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What's His Name? It's Claude Giroux

When the Philadelphia Flyers drafted Claude Giroux 22nd overall in 2006, Flyers legend Bobby Clarke announced the acquisition by infamously forgetting the kid's name.

Ever since, and especially this season, Claude Giroux has made sure Clarke and just about everybody else in the hockey world will ever forget his name again. And in doing so he has drawn comparisons to Clarkie, the greatest Flyer of them all.

He already has emerged as the face of Philadelphia hockey, to no surprise to the Flyers. There simply was no way the Flyers would have traded fellow young stars Jeff Carter and Mike Richards last summer if it were not for the play of Giroux. The Flyers knew they could afford to trade away their two cornerstone forwards in part because the believed they had a better player in waiting. It appears they were right.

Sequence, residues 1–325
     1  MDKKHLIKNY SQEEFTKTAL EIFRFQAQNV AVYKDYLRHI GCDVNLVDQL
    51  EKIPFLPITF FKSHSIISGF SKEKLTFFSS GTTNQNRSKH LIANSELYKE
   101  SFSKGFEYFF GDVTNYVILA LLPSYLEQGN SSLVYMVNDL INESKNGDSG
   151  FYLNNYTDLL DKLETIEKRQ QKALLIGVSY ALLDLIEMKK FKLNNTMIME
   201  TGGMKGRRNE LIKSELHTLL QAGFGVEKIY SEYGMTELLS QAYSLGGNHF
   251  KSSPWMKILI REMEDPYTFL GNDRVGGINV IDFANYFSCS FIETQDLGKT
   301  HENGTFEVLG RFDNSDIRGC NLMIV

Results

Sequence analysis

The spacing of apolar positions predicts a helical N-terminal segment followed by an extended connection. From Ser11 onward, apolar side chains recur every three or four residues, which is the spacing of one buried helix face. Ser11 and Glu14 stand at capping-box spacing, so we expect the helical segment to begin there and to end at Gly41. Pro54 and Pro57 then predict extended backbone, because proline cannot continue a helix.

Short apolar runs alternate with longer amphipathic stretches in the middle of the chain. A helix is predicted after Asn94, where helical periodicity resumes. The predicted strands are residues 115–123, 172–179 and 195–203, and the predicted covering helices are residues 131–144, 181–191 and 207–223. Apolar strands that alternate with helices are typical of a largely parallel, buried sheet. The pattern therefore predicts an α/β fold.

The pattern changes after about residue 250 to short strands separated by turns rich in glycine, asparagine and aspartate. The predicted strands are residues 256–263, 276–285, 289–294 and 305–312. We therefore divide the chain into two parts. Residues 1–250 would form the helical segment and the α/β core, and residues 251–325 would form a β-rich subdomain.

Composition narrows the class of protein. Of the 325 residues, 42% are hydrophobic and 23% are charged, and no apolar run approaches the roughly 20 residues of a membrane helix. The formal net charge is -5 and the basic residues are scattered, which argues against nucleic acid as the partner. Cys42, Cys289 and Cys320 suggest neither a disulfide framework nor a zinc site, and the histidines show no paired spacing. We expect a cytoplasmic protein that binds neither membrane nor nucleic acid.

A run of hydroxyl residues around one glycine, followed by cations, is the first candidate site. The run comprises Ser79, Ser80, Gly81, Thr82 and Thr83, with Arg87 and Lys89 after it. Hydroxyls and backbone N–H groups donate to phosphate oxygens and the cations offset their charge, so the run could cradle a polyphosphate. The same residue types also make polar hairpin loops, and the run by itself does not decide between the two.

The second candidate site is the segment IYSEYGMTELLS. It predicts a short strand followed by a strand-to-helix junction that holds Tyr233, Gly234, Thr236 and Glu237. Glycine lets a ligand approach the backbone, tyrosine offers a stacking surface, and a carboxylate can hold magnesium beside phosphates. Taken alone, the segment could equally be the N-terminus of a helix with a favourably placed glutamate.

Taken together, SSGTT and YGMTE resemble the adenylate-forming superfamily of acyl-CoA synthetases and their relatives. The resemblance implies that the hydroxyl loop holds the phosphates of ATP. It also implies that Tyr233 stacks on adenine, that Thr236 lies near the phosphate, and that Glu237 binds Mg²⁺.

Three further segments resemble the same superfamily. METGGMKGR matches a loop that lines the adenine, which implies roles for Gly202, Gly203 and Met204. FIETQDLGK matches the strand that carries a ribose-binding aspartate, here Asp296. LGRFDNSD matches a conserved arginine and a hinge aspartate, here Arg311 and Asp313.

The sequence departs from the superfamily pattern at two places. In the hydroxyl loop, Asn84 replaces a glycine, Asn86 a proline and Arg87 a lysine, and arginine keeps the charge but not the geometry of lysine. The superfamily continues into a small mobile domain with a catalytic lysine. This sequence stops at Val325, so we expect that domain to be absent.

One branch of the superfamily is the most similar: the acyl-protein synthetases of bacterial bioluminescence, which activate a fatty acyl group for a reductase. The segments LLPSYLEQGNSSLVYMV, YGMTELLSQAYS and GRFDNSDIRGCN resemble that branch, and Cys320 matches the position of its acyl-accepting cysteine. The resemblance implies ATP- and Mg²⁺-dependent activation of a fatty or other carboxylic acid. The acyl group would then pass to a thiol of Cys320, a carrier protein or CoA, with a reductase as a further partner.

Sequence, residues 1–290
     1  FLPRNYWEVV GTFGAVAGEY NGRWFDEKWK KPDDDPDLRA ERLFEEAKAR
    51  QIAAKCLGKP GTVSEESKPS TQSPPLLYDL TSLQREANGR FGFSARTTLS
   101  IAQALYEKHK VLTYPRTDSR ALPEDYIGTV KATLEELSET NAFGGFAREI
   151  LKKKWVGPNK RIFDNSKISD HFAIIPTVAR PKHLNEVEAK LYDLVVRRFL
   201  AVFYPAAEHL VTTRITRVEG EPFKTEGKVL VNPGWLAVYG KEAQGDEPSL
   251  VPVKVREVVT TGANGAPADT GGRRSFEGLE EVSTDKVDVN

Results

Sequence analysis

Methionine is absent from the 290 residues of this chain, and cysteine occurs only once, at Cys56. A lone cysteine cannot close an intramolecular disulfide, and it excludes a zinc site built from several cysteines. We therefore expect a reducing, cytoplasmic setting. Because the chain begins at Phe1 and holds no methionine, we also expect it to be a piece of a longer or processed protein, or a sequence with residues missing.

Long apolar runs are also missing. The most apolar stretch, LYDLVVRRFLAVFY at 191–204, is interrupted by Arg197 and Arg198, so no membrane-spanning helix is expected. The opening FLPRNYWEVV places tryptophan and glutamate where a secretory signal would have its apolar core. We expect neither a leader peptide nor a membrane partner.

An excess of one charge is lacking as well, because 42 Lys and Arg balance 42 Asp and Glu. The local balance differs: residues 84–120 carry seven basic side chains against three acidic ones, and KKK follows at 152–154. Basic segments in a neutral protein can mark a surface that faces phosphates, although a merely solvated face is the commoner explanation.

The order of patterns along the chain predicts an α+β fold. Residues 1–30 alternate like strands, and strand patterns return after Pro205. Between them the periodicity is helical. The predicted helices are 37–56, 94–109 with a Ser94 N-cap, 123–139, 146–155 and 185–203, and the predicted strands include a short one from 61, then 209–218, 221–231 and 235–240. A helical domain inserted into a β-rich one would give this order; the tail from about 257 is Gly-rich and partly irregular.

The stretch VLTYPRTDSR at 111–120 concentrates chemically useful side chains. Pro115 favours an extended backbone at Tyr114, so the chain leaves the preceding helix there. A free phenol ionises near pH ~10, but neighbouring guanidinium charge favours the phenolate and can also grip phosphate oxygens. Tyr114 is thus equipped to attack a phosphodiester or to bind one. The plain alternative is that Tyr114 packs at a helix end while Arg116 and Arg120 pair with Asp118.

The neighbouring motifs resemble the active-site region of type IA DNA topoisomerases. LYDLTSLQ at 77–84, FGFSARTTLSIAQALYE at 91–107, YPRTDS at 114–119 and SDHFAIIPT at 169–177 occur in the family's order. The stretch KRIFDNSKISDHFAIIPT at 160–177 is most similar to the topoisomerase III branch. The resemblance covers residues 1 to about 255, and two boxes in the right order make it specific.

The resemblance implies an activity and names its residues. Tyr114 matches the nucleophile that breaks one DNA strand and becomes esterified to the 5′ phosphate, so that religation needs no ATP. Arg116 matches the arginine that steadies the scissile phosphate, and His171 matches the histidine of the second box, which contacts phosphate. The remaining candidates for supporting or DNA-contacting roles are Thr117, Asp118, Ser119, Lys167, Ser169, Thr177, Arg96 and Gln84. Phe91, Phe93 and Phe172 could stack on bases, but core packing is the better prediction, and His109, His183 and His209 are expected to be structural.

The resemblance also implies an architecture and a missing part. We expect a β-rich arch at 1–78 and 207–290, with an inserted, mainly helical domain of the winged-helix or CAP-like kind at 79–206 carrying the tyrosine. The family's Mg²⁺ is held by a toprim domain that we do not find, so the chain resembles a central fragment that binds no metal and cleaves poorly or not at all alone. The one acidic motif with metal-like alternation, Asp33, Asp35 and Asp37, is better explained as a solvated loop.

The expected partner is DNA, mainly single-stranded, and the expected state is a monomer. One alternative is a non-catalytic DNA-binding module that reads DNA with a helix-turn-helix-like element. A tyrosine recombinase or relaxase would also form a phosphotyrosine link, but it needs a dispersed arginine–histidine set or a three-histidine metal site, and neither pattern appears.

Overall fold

Of course, the face of hockey in Philadelphia will always be compared to the ultimate Flyer, Bobby Clarke. Not that Giroux plays the same chippy style as Clarke was famous for. But he plays with the same level of creativity and passion, sharing an extreme desire to win.

“I don’t compare myself to him at all. He’s obviously a Hall of Famer and he’s a good player. He played with a lot of attitude and played hard and he was a great leader,” Giroux recently told Philadelphia Sports Daily. “If I can even be close to him, that’s good enough.”

If being the face of hockey in Philadelphia is not daunting enough, how about being the face of hockey in all of Canada. Giroux currently ranks 2nd in the league in scoring, trailing only Pittsburgh's Evgeni Malkin. Giroux is quite arguably the best Canadian player in hockey this season, with all due respect to Steven Stamkos and Jonathon Toews. With Sidney Crosby's future in doubt, it is Giroux who might emerge as the face of Canadian hockey as the 2014 Olympics approach.


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